Talking to Parents About Funeral Plan Arrangements
Thinking about funeral and End-of-life decision making especially making arrangements for how a loved one will be remembered can be extremely emotional and challenging. But by initiating a conversation, talking to parents sooner rather than later everyone involved will benefit when the time comes. Less than 20% of the British population pre plan their funeral and planning at the time of loss can be extremely difficult as emotions are running at their highest and rash decisions or arguments may happen. Talking to parents and getting them to open up and tell you their desires to enable planning and make funeral arrangements personal to them can be extremely scary. Here’s how you can encourage a meaningful conversation.
Breaking the ice
This is definitely where starting the discussion is at least half (if not more) of the battle. The sooner you have this conversation, the better, as the focus will be on a legacy rather than loss when your parents are younger and healthier. However, regardless of their age, what is most important is that you take the first step now.
There is no right way of broaching this subject as each family is unique in the way they handle sensitive discussions.
Many people recommend setting a time and starting with a statement that demonstrates that you care about your parents’ interests and the well-being of the family. For example, you may begin with “Mum and dad, I know this may be an uncomfortable topic, but would you be open to talking about your funeral service and some of the ways you wish to be remembered? When the time comes, I want to know that we are carrying out a ceremony that you want rather than stressing with one another over the details.”
Others recommend talking about your own funeral arrangements or pre-planning efforts as a way of breaking the ice, perhaps even inviting them to discuss your funeral plans.
Another method is to start informally, asking your parents about some of their favourite traditions and how your family will continue those traditions for generations to come before finding a natural transition to the memorial service.
Your parents may resist, saying “Don’t make a fuss. I don’t want a ceremony. Just bury me and be done with it.” It is best to gently remind them the purpose of the funeral service – that it serves as a time for the living to come together to celebrate a life lived as an essential part of the grieving process. Keeping this larger focus in mind will help guide both of you when deciding on the finer details of the ceremony.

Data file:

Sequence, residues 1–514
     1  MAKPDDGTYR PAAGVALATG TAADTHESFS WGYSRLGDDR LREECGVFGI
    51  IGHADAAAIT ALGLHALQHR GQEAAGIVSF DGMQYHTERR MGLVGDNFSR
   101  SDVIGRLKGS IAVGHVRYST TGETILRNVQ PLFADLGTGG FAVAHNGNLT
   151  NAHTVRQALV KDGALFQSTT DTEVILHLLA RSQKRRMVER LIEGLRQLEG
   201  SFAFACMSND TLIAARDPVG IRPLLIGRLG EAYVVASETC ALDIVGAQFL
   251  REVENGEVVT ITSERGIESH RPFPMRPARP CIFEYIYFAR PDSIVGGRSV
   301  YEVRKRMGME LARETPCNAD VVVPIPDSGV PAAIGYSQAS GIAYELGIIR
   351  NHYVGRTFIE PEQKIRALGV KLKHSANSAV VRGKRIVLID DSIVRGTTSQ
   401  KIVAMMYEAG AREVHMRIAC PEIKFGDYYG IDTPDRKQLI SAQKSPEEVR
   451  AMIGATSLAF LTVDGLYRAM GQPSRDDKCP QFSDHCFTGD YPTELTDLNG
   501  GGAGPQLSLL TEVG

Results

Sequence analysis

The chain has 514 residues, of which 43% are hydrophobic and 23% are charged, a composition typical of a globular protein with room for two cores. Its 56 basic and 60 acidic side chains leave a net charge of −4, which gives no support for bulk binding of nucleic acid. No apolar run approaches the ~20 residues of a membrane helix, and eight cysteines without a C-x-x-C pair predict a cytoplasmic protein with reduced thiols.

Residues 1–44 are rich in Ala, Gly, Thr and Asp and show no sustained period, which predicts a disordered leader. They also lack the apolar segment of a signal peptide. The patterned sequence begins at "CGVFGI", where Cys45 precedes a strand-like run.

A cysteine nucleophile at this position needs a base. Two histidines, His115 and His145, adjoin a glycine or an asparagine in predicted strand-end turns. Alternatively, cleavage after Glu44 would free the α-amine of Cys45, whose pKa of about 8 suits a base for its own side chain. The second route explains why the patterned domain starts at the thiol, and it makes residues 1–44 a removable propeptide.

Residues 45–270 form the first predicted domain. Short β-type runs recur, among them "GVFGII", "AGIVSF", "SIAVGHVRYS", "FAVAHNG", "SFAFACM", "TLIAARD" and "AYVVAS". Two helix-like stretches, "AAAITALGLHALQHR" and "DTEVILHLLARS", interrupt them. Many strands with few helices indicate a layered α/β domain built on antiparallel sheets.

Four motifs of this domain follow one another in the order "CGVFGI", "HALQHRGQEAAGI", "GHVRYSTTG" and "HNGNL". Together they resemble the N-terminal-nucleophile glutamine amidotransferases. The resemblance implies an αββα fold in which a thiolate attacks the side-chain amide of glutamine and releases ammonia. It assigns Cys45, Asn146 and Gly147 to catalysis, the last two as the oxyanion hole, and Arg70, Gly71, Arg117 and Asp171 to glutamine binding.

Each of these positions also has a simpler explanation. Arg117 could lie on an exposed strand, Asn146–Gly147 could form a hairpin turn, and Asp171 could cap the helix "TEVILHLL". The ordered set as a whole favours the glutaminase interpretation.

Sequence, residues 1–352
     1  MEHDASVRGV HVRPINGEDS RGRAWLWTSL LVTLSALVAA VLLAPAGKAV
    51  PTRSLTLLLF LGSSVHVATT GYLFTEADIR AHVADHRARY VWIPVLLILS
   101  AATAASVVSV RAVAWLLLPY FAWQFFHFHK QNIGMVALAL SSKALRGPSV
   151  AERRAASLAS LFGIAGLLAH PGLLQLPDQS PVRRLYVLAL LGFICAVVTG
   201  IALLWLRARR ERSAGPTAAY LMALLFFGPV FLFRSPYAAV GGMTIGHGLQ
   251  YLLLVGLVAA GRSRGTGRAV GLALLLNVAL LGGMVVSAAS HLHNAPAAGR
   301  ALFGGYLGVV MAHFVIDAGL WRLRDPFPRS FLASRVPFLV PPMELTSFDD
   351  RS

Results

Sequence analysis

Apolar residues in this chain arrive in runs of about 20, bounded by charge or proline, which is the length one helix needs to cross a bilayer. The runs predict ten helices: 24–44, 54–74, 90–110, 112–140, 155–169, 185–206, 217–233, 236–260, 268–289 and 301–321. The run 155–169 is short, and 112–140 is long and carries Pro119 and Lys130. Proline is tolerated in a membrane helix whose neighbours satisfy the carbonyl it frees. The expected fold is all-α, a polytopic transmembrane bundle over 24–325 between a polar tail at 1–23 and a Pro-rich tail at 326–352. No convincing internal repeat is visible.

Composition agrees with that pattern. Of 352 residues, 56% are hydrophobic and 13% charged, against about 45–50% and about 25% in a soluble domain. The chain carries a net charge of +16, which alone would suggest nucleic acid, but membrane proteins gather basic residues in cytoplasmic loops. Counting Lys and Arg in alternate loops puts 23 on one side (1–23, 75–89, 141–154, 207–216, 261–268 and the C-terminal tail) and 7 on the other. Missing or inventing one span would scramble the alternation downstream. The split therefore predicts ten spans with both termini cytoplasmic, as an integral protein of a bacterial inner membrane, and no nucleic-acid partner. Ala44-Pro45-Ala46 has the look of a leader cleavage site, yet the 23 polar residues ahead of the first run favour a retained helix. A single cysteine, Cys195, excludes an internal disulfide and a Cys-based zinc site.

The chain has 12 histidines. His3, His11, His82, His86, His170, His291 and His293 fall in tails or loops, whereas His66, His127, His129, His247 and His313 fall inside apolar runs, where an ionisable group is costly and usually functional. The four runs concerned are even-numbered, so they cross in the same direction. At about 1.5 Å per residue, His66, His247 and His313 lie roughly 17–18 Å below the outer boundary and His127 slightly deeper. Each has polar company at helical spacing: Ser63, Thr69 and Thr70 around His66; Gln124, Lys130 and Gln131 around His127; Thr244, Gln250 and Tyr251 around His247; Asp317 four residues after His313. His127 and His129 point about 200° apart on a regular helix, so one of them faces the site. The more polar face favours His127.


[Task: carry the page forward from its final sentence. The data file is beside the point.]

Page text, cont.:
Guiding the conversation
After you’ve taken the first step, what is it that you talk about? As previously mentioned, it may be best to start with discussions such as your parents’ favourite places to visit, favourite songs and favourite memories before transitioning to more difficult topics. These types of conversations will assist you in planning a personalised ceremony. You can also start with larger topics such as whether they would prefer to be buried or cremated before progressing to other aspects of their remembrance service. A free funeral planning form is included at the end of this blog.
Do your research
For most, planning a funeral is not a one-day affair. Take your time, do your research and create a service that is best for your family, ensuring the ceremony is personalised and within your budget. Many Guaranteed funeral plans will allow personalising and fix the cost of the funeral at today’s price.
Pay careful attention to what your parent has to say, committing it to writing and verbalizing it back to them to communicate understanding. If there are certain topics they would rather not discuss now, ask if they would be comfortable talking about them later. Respect your parents’ decision to decline comment on certain topics as over-persistence may make them feel as though you have something other than their best interests in mind. Being prepared and timing can mitigate these kinds of negative reactions.
You never know, what feels like a daunting task may be rewarding for both parties in the end. Take this as your opportunity to have some authentic conversations with your loved one and let your parents know the legacy they have had in your life. Talking to parents can be very rewarding and take away a lot of stress.
As a starting point for discussions visit our plan in advance page
Help and advice for elderly parents click here